By Nick Schager
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By Voice Film Club
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Rick Chatillon is sitting next to his wife, Ann, in the Starbucks near Newport Boulevard and Via Lido in Newport Beach, roughly facing the Lido Theater.
That’s the same historic movie house where the Chatillons’ documentary Living It Forever will make its world premiere on April 28.
Actually, the Chatillons are pointed more toward Lido Drugs, which for years was Richard’s Market, where Rick worked as a box boy back in the 1960s, when 13-year-olds could hold such jobs.
As for the spot he’s sitting in, years ago, it was the women’s department of Bidwell clothing store, where Rick’s mother worked until it moved across town to Westcliff Plaza and later changed its name.
Rick, who graduated from Newport Harbor High School, cannot move 5 feet in this beach town without bumping into a bit of personal nostalgia.
Approaching his 58th birthday, he has been surfing since the early 1960s and has hung 10 all over the world. But every morning he’s in town begins at 22nd Street.
“It’s a great wave when it breaks,” he says. “It’s just home, where you want to surf with friends.”
Living It Forever’s producer has, in fact, been living it forever. And the Chatillons believe the first surfers of the breaks near Newport Pier deserve recognition by the surfing world and beyond. “I feel they are the unsung heroes,” says Ann, the documentary’s writer and director.
Look at a surf report, and you’ll see the 22nd Street breaks identified as Blackies, in honor of the infamous watering hole that is separated by sand and parking lot from the waves. Rick remembers when it got even more specific than that, when a particular 22nd Street break was known as “Barstools” because it lined up with the bar’s outdoor seating.
The collection of nearby businesses that constitute what is now known as McFadden Plaza was raunchy back in the day, and it largely still is now, despite high rents and the presence of the upscale 21 Oceanfront restaurant.
But, as the engaging and informative Living It Forever shows, Newport Beach’s pioneering surfers loved 22nd Street then and still do now.
Some interviewed onscreen have gone on to great success, such as legendary tattoo artist, printmaker and painter Ed Hardy; world-renowned filmmaker Greg MacGillivray; and Old Guys Rule clothing founder Don Craig.
Three early United States Surfing Association (USSA) champions, who were crowned upcoast near Huntington Beach Pier, considered 22nd Street their home breaks: Ron Sizemore (1961), Ilima Kalama (1962) and David Nuuhiwa (1968 and ’70). They are also interviewed in the film, as are other 22nd Street surfers such as former NBA player John Vallely; Russell Surfboards founder Bobby Russell Brown; creator of the classic Penetrator surfboard mold John Peck; and, apparently, the only girls who used to surf 22nd Street, sisters Ann Kilroy and Sue Kilroy Hahn, both grandmas now.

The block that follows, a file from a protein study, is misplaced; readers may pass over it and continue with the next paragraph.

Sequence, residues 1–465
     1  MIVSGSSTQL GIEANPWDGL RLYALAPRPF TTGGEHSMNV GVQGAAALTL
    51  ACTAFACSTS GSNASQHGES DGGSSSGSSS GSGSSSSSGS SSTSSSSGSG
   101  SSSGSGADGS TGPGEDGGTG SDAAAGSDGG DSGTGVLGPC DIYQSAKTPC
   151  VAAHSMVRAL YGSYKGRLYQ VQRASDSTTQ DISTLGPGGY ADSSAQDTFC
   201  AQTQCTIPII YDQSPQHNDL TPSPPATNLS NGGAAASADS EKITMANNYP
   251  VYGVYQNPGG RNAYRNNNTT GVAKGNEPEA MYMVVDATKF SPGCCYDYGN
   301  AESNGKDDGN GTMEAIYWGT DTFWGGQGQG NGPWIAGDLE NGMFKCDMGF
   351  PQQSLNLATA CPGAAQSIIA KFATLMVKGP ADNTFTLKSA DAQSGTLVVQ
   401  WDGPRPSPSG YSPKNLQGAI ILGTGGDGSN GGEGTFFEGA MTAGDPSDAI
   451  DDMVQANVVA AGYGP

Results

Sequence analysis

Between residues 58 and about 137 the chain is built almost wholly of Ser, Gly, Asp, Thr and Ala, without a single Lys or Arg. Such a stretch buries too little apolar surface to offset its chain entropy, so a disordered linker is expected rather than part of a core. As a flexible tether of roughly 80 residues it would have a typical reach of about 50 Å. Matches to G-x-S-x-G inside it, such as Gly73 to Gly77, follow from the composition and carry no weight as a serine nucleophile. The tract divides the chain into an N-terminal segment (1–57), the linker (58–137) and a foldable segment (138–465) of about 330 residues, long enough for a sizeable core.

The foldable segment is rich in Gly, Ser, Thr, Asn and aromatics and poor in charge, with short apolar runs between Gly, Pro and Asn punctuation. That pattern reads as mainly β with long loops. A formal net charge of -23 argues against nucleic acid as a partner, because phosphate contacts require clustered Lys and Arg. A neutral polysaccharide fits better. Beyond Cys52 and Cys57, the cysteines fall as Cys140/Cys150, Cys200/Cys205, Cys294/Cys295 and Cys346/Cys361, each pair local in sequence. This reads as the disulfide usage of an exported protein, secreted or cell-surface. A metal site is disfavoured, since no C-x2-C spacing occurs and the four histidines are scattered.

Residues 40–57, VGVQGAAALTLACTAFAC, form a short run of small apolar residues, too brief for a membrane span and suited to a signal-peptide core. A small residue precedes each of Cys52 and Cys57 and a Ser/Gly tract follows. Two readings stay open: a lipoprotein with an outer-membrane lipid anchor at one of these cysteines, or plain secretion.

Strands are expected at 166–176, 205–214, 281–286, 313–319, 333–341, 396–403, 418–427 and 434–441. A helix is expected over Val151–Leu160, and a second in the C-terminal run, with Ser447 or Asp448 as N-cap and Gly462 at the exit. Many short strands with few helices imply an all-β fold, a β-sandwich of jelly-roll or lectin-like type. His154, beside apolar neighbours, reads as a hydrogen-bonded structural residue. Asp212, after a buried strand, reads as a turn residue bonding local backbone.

Alex Knost, who surfs on the Vans and RVCA teams and forms half the music duo Tomorrows Tulips, is among the younger interviewees in Living It Forever, which is narrated by “Surf Junkie” Jeff Malanca, who writes an Orange County Register surf column and hits 22nd 365 days a year.
Despite hassles from cops, douchebags from the Inland Empire and city fathers who imposed a surf tax, 22nd Street’s first surfers stuck to their passion and opened the woody door for future wave riders such as Knost. That’s the legend Living It Forever amplifies.
“This is Rick’s labor of love,” Ann says of her husband, a freelance videographer with clients such as banks and Hoag Memorial Hospital.
She has been writing and shooting photos for Coast magazine since founder/former publisher Jim Wood approached her 15 years ago to join his start-up. Her reporting came in handy in identifying, locating and interviewing the people who appear in her 77-minute film. “We became sleuths,” she says.
“Like Sherlock Holmes,” adds Rick.
He turned to social networking, finding Facebook particularly helpful. “It was like a chain reaction,” he recalls. “We’d get one person, then get a phone call out of the blue from someone else saying, ‘I was there in ’59.’”
More impressive than the lineup is Living It Forever’s archival footage. “That was key,” Ann says.
Rick owned a color lab in the late 1990s when customer Ralph Myers, a retired San Clemente businessman, had him work on 16mm film that turned out to be footage of 22nd Street surfers. Myers didn’t think much of it when Rick told him the footage was historical and should be presented as such. The retiree believed the memories contained in the film only interested him.
Years passed, the color lab closed when the world went digital, but “Rick was not able to get this footage out of his mind,” Ann explains.
When he later learned that Myers’ pal Tom Jewell also shot film of surfers in the 1950s and ’60s and that MacGillivray possessed still more early footage of surfers and life at Newport Harbor High School, Rick got the idea for a documentary.
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